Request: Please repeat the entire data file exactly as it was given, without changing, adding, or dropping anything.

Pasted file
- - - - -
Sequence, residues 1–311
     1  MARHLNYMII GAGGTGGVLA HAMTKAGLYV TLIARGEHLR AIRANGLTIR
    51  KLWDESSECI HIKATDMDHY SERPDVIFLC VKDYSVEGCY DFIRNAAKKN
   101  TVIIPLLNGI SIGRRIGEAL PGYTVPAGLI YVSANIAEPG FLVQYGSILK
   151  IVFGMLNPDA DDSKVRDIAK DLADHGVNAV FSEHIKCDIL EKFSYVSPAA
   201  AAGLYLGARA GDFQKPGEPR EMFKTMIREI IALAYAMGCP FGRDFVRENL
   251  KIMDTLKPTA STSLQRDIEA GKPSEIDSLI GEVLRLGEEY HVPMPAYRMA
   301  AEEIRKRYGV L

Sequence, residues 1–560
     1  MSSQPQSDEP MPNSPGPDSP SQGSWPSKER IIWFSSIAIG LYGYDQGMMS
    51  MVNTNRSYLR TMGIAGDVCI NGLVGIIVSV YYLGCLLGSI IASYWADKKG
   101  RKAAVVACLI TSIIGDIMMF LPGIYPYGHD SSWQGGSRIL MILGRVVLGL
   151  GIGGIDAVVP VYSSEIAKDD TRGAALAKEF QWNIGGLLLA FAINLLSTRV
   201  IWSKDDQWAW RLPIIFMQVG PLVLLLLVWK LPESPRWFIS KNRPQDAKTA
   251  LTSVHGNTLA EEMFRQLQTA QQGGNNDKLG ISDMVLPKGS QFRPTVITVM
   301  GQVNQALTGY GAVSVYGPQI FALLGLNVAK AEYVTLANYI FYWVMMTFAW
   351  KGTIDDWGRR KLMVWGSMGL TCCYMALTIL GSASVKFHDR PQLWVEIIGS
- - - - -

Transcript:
Sequence, residues 1–311
     1  MARHLNYMII GAGGTGGVLA HAMTKAGLYV TLIARGEHLR AIRANGLTIR
    51  KLWDESSECI HIKATDMDHY SERPDVIFLC VKDYSVEGCY DFIRNAAKKN
   101  TVIIPLLNGI SIGRRIGEAL PGYTVPAGLI YVSANIAEPG FLVQYGSILK
   151  IVFGMLNPDA DDSKVRDIAK DLADHGVNAV FSEHIKCDIL EKFSYVSPAA
   201  AAGLYLGARA GDFQKPGEPR EMFKTMIREI IALAYAMGCP FGRDFVRENL
   251  KIMDTLKPTA STSLQRDIEA GKPSEIDSLI GEVLRLGEEY HVPMPAYRMA
   301  AEEIRKRYGV L

Sequence, residues 1–560
     1  MSSQPQSDEP MPNSPGPDSP SQGSWPSKER IIWFSSIAIG LYGYDQGMMS
    51  MVNTNRSYLR TMGIAGDVCI NGLVGIIVSV YYLGCLLGSI IASYWADKKG
   101  RKAAVVACLI TSIIGDIMMF LPGIYPYGHD SSWQGGSRIL MILGRVVLGL
   151  GIGGIDAVVP VYSSEIAKDD TRGAALAKEF QWNIGGLLLA FAINLLSTRV
   201  IWSKDDQWAW RLPIIFMQVG PLVLLLLVWK LPESPRWFIS KNRPQDAKTA
   251  LTSVHGNTLA EEMFRQLQTA QQGGNNDKLG ISDMVLPKGS QFRPTVITVM
   301  GQVNQALTGY GAVSVYGPQI FALLGLNVAK AEYVTLANYI FYWVMMTFAW
   351  KGTIDDWGRR KLMVWGSMGL TCCYMALTIL GSASVKFHDR PQLWVEIIGS